On Saturday, 7 December 2013 09:25:26 UTC, Mark Kneale wrote:

Hi,

I’m using DotNetOpenAuth to access the v2 API and I’m unable to
authenticate directly as I would expect it to with server to server
communications using OAuth2.

As an example, using OAuth2 with the new PayPal REST API:

        var server = new AuthorizationServerDescription();
        server.TokenEndpoint = new Uri("

https://api.sandbox.paypal.com/v1/oauth2/token");
server.ProtocolVersion = ProtocolVersion.V20;

        var client = new UserAgentClient(server, "my client ID", "my 

secrect");
var token = client.GetClientAccessToken(); // this returns
the Access token as expected.

With the FreeAgent API:

        var server = new AuthorizationServerDescription();
        server.TokenEndpoint = new Uri("

https://api.freeagent.com/v2/token_endpoint");
server.ProtocolVersion = ProtocolVersion.V20;

        var client = new UserAgentClient(server, "my client ID", "My 

secret");
var token = client.GetClientAccessToken(); // I get >>> The
remote server returned an error: (400) Bad Request.

I know I can use the google oauth playground to get the token and refresh
token after I’ve redirected and logged in but this is surely not the final
solution is it? I’d imagine FreeAgent would be working to resolve this
considering they have such a great product. It’s such a shame that the
“hacky” solution above is the “accepted” answer

Thanks for the reply Jonathan.

The way I would imagine it should work:

Scenario 1: An app wants it’s users (resource owners) to authorize the app
(client) to access their FreeAgent data

  1. They approve the apps request on the FreeAgent authorization page and an
    authorization code is returned via the redirect to the app
  2. The app exchanges the authorization code for a token/refresh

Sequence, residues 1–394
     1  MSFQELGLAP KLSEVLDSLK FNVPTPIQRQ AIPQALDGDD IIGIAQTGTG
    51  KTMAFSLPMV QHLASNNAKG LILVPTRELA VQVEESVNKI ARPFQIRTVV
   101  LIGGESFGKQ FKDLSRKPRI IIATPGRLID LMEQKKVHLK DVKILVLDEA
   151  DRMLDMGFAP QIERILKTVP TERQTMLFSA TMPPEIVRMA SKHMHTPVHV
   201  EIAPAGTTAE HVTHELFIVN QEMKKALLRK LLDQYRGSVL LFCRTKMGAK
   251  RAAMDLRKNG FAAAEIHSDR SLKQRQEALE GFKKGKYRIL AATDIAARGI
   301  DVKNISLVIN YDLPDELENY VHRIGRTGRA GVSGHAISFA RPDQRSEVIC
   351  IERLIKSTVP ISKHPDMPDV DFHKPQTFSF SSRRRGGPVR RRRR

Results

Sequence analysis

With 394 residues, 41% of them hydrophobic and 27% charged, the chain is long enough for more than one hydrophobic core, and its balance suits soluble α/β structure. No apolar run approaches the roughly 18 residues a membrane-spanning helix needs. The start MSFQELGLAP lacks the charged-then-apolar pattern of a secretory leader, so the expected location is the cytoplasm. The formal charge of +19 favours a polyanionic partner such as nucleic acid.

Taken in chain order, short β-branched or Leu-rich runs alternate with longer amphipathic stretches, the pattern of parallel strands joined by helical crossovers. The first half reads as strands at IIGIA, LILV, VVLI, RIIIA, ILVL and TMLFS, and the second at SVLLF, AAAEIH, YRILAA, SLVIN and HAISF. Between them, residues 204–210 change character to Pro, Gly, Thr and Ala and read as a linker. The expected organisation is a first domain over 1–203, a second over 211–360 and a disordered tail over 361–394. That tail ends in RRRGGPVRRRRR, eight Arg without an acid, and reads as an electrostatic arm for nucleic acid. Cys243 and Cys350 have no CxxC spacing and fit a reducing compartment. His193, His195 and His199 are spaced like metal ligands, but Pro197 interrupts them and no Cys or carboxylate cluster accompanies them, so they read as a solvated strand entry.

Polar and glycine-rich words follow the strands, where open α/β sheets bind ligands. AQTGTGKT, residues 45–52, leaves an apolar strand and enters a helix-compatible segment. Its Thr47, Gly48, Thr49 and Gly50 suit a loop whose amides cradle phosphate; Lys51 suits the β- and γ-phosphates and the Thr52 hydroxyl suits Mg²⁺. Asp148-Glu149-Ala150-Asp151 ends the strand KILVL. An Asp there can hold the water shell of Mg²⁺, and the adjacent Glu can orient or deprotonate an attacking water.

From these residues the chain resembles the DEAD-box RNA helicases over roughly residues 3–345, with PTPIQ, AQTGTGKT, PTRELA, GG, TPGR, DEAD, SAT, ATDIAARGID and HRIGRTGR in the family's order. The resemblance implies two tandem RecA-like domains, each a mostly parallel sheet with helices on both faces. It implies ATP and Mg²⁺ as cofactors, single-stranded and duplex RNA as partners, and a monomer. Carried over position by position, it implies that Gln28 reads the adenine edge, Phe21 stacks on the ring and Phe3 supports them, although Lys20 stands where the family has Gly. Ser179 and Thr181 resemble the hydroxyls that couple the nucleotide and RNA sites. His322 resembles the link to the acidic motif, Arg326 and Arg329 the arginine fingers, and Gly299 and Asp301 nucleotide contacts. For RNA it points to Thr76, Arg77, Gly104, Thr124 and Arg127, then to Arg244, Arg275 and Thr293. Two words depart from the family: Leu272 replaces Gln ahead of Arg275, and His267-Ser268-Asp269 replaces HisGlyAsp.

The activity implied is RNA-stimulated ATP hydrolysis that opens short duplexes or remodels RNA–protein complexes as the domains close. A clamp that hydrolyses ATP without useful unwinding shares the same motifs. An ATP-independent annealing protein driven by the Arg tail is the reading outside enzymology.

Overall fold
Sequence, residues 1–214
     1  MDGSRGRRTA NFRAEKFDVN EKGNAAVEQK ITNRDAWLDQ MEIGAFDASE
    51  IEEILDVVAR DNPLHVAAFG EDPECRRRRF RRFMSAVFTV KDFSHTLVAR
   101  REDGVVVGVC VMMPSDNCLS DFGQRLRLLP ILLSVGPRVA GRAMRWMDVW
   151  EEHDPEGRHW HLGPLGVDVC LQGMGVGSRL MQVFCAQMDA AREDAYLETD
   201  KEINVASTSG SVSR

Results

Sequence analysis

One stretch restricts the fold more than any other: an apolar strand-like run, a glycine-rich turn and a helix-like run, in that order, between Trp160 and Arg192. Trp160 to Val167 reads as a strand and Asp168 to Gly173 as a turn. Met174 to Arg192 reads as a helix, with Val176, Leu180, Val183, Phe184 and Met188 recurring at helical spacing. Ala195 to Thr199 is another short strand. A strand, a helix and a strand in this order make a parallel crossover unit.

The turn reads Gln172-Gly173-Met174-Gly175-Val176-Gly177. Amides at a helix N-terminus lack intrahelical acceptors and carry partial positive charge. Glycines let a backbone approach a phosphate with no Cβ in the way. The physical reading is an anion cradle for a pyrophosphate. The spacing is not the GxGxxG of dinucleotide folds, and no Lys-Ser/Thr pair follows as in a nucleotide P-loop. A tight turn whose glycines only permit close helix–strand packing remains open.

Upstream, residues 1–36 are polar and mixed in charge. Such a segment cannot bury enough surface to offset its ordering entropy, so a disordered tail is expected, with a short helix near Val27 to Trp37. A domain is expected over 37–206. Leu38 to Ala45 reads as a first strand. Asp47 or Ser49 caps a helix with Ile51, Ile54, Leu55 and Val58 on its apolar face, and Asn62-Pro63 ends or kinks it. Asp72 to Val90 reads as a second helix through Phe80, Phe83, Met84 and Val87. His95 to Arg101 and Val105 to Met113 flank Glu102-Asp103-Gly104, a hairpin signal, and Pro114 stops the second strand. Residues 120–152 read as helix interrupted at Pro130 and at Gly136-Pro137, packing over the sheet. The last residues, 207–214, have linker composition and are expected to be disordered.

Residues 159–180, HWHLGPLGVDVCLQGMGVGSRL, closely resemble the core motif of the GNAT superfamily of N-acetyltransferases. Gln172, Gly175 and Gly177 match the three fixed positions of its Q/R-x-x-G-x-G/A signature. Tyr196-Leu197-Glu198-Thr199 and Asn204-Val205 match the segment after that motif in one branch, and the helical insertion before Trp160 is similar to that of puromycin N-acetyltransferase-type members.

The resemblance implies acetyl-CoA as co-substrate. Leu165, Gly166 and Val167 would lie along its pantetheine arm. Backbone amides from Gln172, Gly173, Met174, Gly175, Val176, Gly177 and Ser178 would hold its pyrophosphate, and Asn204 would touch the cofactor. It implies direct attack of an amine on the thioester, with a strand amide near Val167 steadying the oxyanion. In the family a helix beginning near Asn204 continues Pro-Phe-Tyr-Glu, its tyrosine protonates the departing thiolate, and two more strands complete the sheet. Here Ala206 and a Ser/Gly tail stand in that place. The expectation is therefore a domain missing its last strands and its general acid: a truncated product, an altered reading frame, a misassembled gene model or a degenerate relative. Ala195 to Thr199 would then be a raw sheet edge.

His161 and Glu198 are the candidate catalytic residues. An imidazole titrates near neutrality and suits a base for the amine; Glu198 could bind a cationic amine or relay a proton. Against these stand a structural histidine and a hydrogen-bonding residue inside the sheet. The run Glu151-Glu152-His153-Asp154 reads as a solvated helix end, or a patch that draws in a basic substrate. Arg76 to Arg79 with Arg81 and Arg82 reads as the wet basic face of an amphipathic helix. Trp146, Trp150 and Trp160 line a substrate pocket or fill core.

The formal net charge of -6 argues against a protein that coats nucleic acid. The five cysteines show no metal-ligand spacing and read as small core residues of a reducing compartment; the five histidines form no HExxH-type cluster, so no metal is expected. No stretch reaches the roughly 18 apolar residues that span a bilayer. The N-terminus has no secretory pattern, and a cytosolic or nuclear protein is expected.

(Authorization State)
  3. The app accesses the users data within the scope they have approved and
    in the context of the access token (this is what ties the request to the
    users account - not the authorization code or the apps client identifier or
    the shared secret)
  4. The app can either refresh this token or allow it to expire so that the
    next time the user wants to “sync” their data with the app, they are
    prompted to re-approve the request via the authorization redirect and it
    all starts again.

Scenario 2: A company who uses FreeAgent wants their corporate website to
send API calls via a message queue to create contacts and generate invoices
in their own FreeAgent account (They are both the resource owner and the
client)

  1. Data is sent to the message queue at any random period - could be once
    in a week or nothing for a few weeks
  2. The message queue listens and fires off an API call using the client
    identifier and shared secret (just like my PayPal example)
  3. The FreeAgent API directly returns the token/refresh (Authorization
    state) - This is not delegated access and should not require the resource
    owner (the company) to visit a web page and approve themselves to access
    their own data
  4. The message queue performs it’s request and disposes of everything, not
    caring about managing tokens, refreshes and expiry’s etc
  5. A week later another message hits the queue and it starts again… no
    token for just this single API is held in the database at the Message
    Queue’s end to be checked and refreshed periodically etc via some dodgy
    scheduled task

For the record. I think FreeAgent and the direction of the API is
brilliant. Keep up the great work guys and hope I could be of some
assistance.

Cheers,
MarkOn Monday, December 9, 2013 4:37:40 PM UTC, Jonathan Barrett wrote:

Hi Mark,

Thanks for clarifying. You’re right, I hadn’t realised this was a feature
request :slight_smile:

The RFC you link to makes the intent of Resource Owner Password
Credentials pretty clear: it’s for the case where no other grant types are
available, and where there’s a high degree of trust between the resource
owner and the client. In other words, it’s great where you have internal
systems that aren’t exposed to the public, but where there are alternatives
available, they are to be preferred.

There’s also the issue of identifying which “user” in FreeAgent is being
authenticated. It’s entirely possible for a given username/password
combination to be valid against multiple FreeAgent accounts. In the web
app, we use the subdomain to identify intent. When authenticating against
the API using the web flow, we also have a pattern to resolve this so that
we can ensure that the returned token is valid against the intended